The most commonly asked question of Horizon customers is whether mild cleaning chemicals can kill their plants. And the quick answer to that is yes. As the gentle wash industry grows in western Michigan and across the state, you'll realize that any professional company will use a similar process. The best way to protect yourself against detergents is, once again, to ensure that the plants are well watered before and especially after pressure washing.
Even a small amount of detergent left in the garden contributes to the death of the plant. Gentle washing works best on asphalt tile roofs, vinyl siding, 26% tinted wood, gutters, ceilings, cladding, stucco and EFIS, and roofing. My Guy performs gentle washing with precision and attention to detail to provide an effective treatment without harming the valuable life of the plant. Gentle washing uses professional-grade sodium hypochlorite (bleach) to kill Gloeocapsa magma, which is a type of algae that leaves ugly black stripes on ceilings and coatings, causing damage in the process.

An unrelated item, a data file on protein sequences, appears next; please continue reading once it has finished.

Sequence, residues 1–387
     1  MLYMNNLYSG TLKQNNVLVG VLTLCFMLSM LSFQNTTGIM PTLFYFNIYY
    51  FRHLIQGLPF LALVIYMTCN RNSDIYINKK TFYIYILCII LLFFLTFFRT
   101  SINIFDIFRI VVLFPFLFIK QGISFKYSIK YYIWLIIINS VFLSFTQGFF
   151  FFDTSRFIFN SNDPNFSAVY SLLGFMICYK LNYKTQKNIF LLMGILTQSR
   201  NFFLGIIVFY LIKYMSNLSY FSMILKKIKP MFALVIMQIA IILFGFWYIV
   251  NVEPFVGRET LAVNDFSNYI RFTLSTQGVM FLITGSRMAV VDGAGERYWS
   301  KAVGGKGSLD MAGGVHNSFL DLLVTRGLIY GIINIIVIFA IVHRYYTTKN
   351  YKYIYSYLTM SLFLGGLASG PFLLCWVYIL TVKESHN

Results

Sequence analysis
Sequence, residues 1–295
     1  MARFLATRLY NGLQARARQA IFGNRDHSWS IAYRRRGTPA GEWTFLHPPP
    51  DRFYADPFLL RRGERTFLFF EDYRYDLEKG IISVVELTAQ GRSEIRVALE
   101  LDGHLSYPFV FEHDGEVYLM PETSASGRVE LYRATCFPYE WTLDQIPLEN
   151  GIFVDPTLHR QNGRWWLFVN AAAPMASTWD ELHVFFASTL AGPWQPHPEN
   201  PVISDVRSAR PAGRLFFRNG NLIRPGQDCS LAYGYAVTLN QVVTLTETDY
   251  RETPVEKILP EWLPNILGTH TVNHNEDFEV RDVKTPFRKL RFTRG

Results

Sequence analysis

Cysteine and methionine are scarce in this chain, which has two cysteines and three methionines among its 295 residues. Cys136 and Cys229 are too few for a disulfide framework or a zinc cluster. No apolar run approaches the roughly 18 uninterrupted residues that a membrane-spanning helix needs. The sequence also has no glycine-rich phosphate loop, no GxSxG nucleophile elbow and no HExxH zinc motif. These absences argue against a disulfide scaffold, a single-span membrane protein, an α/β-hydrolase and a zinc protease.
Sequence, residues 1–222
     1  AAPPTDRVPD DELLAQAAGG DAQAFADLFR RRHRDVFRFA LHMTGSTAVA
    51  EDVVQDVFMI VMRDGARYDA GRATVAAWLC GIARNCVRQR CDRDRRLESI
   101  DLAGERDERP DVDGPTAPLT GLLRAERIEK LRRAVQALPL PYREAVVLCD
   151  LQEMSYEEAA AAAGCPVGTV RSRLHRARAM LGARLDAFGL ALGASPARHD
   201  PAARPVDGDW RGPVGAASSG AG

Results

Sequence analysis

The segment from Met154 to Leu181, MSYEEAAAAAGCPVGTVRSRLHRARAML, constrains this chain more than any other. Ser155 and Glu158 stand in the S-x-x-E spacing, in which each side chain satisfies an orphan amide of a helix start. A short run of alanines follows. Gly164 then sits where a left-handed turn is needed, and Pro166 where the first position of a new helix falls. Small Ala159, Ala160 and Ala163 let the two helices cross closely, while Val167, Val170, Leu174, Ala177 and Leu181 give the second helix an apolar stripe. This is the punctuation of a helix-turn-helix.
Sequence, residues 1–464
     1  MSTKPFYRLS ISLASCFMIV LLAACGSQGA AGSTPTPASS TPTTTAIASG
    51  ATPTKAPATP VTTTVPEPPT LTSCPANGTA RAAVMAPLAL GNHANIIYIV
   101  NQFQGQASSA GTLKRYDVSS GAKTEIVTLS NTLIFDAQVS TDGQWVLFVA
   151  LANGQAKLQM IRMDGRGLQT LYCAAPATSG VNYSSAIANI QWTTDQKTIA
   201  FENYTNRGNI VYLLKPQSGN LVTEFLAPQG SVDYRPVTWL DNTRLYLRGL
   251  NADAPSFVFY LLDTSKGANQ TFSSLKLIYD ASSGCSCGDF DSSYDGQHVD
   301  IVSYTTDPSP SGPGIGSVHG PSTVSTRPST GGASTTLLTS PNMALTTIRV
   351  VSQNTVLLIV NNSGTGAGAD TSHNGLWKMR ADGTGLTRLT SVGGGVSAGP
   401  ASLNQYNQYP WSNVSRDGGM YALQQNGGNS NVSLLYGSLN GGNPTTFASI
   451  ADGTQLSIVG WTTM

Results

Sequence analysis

If you're cleaning the roof and the gutters in the house or building are working properly, the gentle washing solution will end up in the gutters and out the downspouts. While water can do a lot to protect metal accessories, ornamentation and plants during a gentle wash, the safest thing to do is to neutralize any mild runoff that may remain on plants. Gentle washing is a process in which biodegradable detergents are used that are applied at low pressure to loosen dirt, grime and kill mold, moss, algae and other organic growths on household surfaces. Adding a surfactant, such as ProTool Sticky, to the gentle wash blend helps sodium hypochlorite adhere to ceilings, coatings and other surfaces longer.